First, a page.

List of Cons of NAFTA

1. It affected workers and their jobs.
Critics pointed out one of the disadvantages NAFTA has which put a dent in the manufacturing industry. They say that with the implementation of the agreement, many manufacturers chose to do business elsewhere and transfer their companies in Mexico and Canada. And because of this, there were able to lower their costs and prices. Those who were left had to reduce their prices as well to be competitive. This leaves them no choice but to cut the wages of workers who were forced to remain in the factories with lower pay and no representation from labor unions than lose their jobs. On the aspect of unemployment, opponents are blaming part of this on NAFTA. Since the implementation of the trade agreement, more U.S jobs were lost. Workers lost their jobs since many manufacturers were given the freedom to outsource workers from Mexico.

2. It hurt Mexican farmers and put a dent in industries.
Another setback of NAFTA raised by proponents is the effect of exporting U.S. crops and beef to Mexico. With the influx of corns and grains that were exported to Mexico, the farmers were not able to compete with the low prices which led to the decline in sales of domestically grown crops and products. Also, this prompted the Mexican government to reduce its subsidy to farmers. NAFTA has pushed Mexican farmers to lose their source of income.

3. It has a negative impact on the environment.
Critics are also firm with their contention that NAFTA is partly responsible for the deterioration of the environment, particularly in Mexico. They are concerned of the pressure NAFTA is giving the farmers and agriculturists who now make drastic measures to compete with American producers. They are now using more chemicals and fertilizers to increase production. In effect, these chemical pollute the environment. And in the case of expanding agricultural lands, more forests are burned or destroyed so rural farmers can have enough space to grow their crops. Continuous deforestation activities can have a long-term impact on the environment.

4. It exploits Mexican laborers.
With the signing of NAFTA, it also expanded the maquilodora program, which permits U.S. based manufacturing companies to hire Mexicans near its borders as workers in their assembly plants and factories. These include garment and automotive industries. Opponents maintain that although jobs were generated for Mexicans, American lost their jobs. Moreover, the maquilodora workers are taken advantage of because they are not given labor rights and paid cheaply. They are also forced to work long hours just so they can have more money to send to their families. Critics also say that most of these workers are not aware of labor unions, thus, they are not protected. There are even women workers who work in garment factories who live in dilapidated houses without electricity. Groups who are not happy with NAFTA talk about the poor working conditions and labor practices that are have not been addressed by the agreement despite its promises.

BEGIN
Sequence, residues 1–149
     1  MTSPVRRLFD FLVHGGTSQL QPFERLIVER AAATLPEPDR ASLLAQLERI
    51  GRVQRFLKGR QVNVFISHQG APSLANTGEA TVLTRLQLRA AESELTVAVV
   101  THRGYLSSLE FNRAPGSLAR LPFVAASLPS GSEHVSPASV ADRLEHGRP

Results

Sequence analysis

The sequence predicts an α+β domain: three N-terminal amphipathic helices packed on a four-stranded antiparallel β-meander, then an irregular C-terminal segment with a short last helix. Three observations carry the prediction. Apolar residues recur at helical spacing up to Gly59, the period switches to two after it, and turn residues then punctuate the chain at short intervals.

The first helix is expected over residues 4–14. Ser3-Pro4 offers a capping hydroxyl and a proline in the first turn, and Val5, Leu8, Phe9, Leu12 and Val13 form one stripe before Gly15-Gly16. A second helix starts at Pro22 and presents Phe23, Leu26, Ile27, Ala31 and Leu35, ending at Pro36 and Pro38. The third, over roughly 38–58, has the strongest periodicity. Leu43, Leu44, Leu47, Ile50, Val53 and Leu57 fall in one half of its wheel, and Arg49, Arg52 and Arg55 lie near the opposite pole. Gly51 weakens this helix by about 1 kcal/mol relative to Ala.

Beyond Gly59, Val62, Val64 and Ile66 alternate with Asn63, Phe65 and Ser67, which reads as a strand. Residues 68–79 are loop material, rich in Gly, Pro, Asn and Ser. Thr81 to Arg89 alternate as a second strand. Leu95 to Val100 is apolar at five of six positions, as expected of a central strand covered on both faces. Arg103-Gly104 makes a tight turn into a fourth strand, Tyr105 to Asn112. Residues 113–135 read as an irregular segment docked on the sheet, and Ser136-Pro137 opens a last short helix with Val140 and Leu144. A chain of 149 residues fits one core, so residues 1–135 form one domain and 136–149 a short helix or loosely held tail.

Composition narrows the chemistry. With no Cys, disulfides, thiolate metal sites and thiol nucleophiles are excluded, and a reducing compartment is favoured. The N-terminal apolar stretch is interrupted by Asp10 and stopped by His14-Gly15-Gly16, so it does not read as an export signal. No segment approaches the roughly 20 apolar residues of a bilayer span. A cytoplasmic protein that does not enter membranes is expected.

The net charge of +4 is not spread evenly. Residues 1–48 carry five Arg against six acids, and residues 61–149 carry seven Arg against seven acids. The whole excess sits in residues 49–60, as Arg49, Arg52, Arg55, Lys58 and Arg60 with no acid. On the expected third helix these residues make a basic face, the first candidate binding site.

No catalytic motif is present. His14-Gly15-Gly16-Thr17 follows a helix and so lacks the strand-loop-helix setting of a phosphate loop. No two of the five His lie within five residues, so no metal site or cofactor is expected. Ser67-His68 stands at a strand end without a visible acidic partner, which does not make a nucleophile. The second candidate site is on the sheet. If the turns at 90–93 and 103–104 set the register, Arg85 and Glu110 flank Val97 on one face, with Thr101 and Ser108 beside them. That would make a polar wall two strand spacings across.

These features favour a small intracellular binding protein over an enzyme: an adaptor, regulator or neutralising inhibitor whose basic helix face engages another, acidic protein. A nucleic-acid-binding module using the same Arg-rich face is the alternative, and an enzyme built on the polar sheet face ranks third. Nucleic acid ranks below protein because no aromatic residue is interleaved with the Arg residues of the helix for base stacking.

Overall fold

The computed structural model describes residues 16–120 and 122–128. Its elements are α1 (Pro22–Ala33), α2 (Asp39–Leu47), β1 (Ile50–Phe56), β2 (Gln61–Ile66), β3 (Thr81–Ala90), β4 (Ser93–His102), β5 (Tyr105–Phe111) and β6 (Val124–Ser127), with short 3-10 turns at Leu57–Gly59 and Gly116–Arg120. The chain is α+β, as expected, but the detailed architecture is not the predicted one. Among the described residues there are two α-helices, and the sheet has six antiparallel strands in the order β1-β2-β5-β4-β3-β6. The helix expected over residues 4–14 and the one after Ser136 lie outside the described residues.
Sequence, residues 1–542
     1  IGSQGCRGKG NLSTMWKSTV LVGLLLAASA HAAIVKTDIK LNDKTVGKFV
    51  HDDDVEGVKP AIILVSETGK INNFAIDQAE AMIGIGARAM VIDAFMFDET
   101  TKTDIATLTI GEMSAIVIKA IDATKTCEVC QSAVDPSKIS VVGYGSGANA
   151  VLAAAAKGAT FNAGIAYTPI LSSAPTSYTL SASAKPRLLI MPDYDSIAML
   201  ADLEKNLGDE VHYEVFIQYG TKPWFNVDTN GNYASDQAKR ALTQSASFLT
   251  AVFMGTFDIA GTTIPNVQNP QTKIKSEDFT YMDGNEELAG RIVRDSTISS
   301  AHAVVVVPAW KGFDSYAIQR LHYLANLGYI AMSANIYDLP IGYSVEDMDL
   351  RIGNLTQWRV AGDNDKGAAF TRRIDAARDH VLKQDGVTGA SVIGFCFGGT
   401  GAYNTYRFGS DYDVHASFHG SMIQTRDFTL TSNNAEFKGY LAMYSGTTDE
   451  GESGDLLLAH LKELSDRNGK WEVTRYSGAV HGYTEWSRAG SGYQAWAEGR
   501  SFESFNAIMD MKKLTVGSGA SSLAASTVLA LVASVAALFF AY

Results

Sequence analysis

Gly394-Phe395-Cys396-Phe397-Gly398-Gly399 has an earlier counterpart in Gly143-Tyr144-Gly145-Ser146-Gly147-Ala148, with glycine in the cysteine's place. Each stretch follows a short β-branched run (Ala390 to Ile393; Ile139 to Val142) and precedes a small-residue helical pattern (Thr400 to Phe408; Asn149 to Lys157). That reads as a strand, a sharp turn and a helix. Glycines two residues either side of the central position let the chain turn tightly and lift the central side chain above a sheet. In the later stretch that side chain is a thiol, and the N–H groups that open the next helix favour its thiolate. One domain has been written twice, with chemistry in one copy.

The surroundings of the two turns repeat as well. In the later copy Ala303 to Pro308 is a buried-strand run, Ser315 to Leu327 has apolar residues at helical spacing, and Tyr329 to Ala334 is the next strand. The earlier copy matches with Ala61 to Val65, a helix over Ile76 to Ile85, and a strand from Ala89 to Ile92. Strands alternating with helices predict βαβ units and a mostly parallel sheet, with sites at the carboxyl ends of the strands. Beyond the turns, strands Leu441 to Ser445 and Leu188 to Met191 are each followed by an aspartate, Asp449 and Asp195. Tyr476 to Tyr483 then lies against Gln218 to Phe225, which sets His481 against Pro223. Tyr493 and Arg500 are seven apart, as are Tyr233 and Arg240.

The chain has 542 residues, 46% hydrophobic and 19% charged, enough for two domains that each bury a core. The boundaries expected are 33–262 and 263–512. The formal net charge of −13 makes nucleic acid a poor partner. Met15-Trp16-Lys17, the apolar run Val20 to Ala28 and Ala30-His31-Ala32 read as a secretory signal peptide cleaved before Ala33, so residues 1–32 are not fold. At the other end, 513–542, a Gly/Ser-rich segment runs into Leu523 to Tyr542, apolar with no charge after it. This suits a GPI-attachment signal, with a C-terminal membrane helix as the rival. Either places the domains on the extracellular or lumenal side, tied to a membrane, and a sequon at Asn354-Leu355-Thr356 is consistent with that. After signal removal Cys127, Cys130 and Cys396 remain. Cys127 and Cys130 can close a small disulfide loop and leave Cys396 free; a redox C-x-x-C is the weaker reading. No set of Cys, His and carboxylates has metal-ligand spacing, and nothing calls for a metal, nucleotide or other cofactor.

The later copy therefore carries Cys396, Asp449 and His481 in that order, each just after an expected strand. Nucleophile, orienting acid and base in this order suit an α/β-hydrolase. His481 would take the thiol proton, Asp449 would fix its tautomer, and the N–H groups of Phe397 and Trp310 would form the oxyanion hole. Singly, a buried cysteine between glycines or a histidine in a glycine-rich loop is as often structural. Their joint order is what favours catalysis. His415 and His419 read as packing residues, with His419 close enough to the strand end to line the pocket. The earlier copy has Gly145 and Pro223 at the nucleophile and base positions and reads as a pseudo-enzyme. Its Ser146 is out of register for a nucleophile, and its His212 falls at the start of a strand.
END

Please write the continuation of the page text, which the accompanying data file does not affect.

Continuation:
5. Its regulations are not properly implemented.
Opponents of NAFTA are not satisfied with the trade agreement not being able to address the issue on allowing Mexican trucks across the borders. With the agreement, these trucks can now go beyond the 20-mile commercial zone limit but the House of Representatives did not allow this part of the provision. This was because of their concern about potential road hazards as well as the outcry of U.S. truckers who oppose this for fear of closing up their businesses. Critics also specified the problem with regard to reciprocity between Mexico and the U.S. With Canada, there have been no issues but with Mexico, there were two factors to consider. U.S. trucks are heavier than Mexican trucks. Even if NAFTA would also allow trucks form the U.S. to bring goods, their trucks will not pass the weight and size restrictions imposed by the Mexican government. And because of this, opponents find the section of the provision with loop holes.


Is NAFTA more of a friend than an enemy for the America, Mexico and Canada? Critics have expressed significant views on its disadvantages but supporters also have crucial points raised. When it comes to environmental issues, American labor, industries loss and the maquiladora program, the setbacks are present. However, this open-market agreement also made the U.S. a stronger competitor in the global market. It also reduced government deficits. Perhaps, with stricter implementation of regulations and improving its framework on protection, NAFTA’s pros will outweigh its cons.